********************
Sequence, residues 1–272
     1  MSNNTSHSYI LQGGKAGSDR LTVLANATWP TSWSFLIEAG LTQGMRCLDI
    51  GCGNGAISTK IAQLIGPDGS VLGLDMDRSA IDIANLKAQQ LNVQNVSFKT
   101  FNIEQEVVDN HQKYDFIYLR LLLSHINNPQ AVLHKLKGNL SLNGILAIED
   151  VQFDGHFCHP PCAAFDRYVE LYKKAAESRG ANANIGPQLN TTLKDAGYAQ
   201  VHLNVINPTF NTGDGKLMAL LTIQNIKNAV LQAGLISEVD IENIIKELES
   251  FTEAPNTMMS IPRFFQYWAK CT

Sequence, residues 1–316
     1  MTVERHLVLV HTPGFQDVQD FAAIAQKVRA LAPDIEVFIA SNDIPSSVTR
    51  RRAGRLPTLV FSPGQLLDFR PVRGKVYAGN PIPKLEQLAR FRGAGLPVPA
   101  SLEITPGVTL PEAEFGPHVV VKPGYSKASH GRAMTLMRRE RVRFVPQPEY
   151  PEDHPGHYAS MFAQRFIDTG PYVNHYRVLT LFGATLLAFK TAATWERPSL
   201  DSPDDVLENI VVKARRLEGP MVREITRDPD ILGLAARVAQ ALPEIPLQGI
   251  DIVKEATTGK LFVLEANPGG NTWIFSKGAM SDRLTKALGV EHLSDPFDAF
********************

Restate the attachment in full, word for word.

Sequence, residues 1–272
     1  MSNNTSHSYI LQGGKAGSDR LTVLANATWP TSWSFLIEAG LTQGMRCLDI
    51  GCGNGAISTK IAQLIGPDGS VLGLDMDRSA IDIANLKAQQ LNVQNVSFKT
   101  FNIEQEVVDN HQKYDFIYLR LLLSHINNPQ AVLHKLKGNL SLNGILAIED
   151  VQFDGHFCHP PCAAFDRYVE LYKKAAESRG ANANIGPQLN TTLKDAGYAQ
   201  VHLNVINPTF NTGDGKLMAL LTIQNIKNAV LQAGLISEVD IENIIKELES
   251  FTEAPNTMMS IPRFFQYWAK CT

Sequence, residues 1–316
     1  MTVERHLVLV HTPGFQDVQD FAAIAQKVRA LAPDIEVFIA SNDIPSSVTR
    51  RRAGRLPTLV FSPGQLLDFR PVRGKVYAGN PIPKLEQLAR FRGAGLPVPA
   101  SLEITPGVTL PEAEFGPHVV VKPGYSKASH GRAMTLMRRE RVRFVPQPEY
   151  PEDHPGHYAS MFAQRFIDTG PYVNHYRVLT LFGATLLAFK TAATWERPSL
   201  DSPDDVLENI VVKARRLEGP MVREITRDPD ILGLAARVAQ ALPEIPLQGI
   251  DIVKEATTGK LFVLEANPGG NTWIFSKGAM SDRLTKALGV EHLSDPFDAF